If I conducted a poll out on the streets of Tallahassee and asked folks how to live healthy lives, I’ll bet everyone would know the correct answers. Eating healthy food, watching portion sizes, exercising regularly, and managing stress top the to-do list for a healthy life. We all know it. The mechanics of healthy living are simple! But of course, we also know that simple is not necessarily easy.
Let’s imagine a follow-up question to my poll: why? We know the how, even if we don’t do it, but what would be your answer to why? I’d predict a much wider range of answers to that question, varying from practical to personal, and each one would be a little unique, because the why is something that has to click within us.
The why, of course, is your motivation. Many people have a goal hidden somewhere to get healthier, and those who pursue it do because they decide the benefit outweighs the hassle. When push comes to shove, there is an internal dialogue that convinces them to lace up and get out there. There is a mental switch that flips and moves their hand away from the chips and towards the bottle of water. Something speaks up and makes it easier to turn down the second helping. That thing is the answer to their question, “why?”
The answer is different for everyone, but there are some definite trends. A longer lifespan to enjoy grandchildren, improving mobility for an active retirement, getting off of expensive medications or avoiding surgery, and increasing energy are some of the motivations I hear often as a wellness coach. And, if your motivation is to fit into your jeans and feel better when you look back at pictures from vacation, that’s okay too. The more motivation you can get, the better!
For me, the why comes in a combination of practicality and self-preservation. I have a busy day and know from experience that if I don’t exercise first thing in the morning, I will run out of time and energy for it later on. It just won’t happen. When I eat healthfully and plan my meals, I feel my best. When I feel my best, stuff gets done. But when I skip it, I am grumpy and disorganized. Adhering to my routine also helps me manage my weight. This is important to me because I’ve been overweight before and remember how uncomfortable, tired, and frustrated I was. I worked hard to lose weight, and I don’t want to do it again. When that alarm goes off in the morning or it is time to organize my meals for the next day, it is not a matter of how I will get out of bed or pack my lunch. It is simply reminding myself why. Sometimes I have to remind myself more than once, so those reasons need to be powerful enough to move me.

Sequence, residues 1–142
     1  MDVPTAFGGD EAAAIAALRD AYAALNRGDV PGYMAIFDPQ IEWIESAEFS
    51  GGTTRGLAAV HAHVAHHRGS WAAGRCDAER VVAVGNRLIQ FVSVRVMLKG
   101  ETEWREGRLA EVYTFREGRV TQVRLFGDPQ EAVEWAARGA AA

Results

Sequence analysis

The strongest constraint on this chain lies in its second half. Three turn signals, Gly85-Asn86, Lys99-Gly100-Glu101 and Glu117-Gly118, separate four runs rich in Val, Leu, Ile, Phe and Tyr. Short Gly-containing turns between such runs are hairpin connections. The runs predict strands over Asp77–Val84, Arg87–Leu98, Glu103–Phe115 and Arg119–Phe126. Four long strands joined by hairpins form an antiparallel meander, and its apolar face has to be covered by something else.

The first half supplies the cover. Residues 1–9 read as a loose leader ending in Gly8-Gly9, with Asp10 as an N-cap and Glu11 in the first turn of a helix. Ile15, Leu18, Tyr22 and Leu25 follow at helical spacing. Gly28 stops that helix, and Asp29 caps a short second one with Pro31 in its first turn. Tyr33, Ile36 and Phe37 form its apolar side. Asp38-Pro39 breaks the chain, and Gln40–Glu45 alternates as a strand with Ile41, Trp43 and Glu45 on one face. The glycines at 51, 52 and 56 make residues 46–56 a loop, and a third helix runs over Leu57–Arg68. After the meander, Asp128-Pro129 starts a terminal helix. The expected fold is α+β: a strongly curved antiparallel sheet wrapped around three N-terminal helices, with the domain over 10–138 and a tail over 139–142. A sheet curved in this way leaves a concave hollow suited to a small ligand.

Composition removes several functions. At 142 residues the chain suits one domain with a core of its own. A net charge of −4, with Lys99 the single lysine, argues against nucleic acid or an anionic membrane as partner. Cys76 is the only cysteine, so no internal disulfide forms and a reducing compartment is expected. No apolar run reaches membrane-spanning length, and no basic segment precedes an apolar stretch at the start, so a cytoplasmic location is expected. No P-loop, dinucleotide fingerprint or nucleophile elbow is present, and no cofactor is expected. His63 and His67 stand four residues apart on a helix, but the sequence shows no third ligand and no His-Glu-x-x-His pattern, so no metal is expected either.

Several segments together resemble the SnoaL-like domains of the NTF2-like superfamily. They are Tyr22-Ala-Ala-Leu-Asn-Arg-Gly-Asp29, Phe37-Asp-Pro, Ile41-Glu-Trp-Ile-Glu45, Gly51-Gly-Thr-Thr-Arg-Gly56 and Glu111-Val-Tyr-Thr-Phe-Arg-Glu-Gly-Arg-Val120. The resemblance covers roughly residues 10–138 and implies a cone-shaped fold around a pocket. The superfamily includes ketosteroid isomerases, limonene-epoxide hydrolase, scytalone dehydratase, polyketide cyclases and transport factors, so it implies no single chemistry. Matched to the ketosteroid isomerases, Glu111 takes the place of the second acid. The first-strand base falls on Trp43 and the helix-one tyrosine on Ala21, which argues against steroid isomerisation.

That is the key! The reasons why must be powerful enough to move you. There are plenty of perfectly logical reasons to eat healthy and exercise, but there may only be one or two that actually inspire you to get up and do something. Luckily, that’s all you need! So, how do you figure out what it is?
The next time you are standing at a crossroads for your health, listen to the internal dialogue that takes place when you negotiate with yourself. Take a step back from yourself and be the observer of your thoughts. Watch as your different priorities have their debate and pay attention to which one wins. When it does, make note of the prevailing reason. There you have it: your true motivation.
If the healthy choice was the winner, hooray! You are connected to a strong motivator (or have experienced the consequences enough times to know what’s best for you). If other interests prevailed, be honest with yourself about why. There are times when other priorities take precedence over fitness. Sometimes we don’t take action because the goal has actually been set for us by someone else, and we resent it. It’s important to know these things, because that awareness can relieve you from feeling like a failure for reaching a goal you didn’t even set. Instead, negotiate new terms to make the goal something you care about.
The truth is, sometimes we are not motivated to change until things have gotten so bad that the pain of change is not as bad as the pain of staying the same. Sometimes we are more motivated by avoiding unsavory consequences than by the promise of things being better. That is all okay! Your motivation isn’t up for judgment or evaluation. No one else even has to know what it is.
Connect with your why this week. Put a picture of it on the fridge. Write it on your shoes. Tape it to your computer screen. Make it the ring tone on your phone. Do whatever it takes to stay connected to it. Because once you are connected with the why, the how becomes obvious.
So, what’s your why?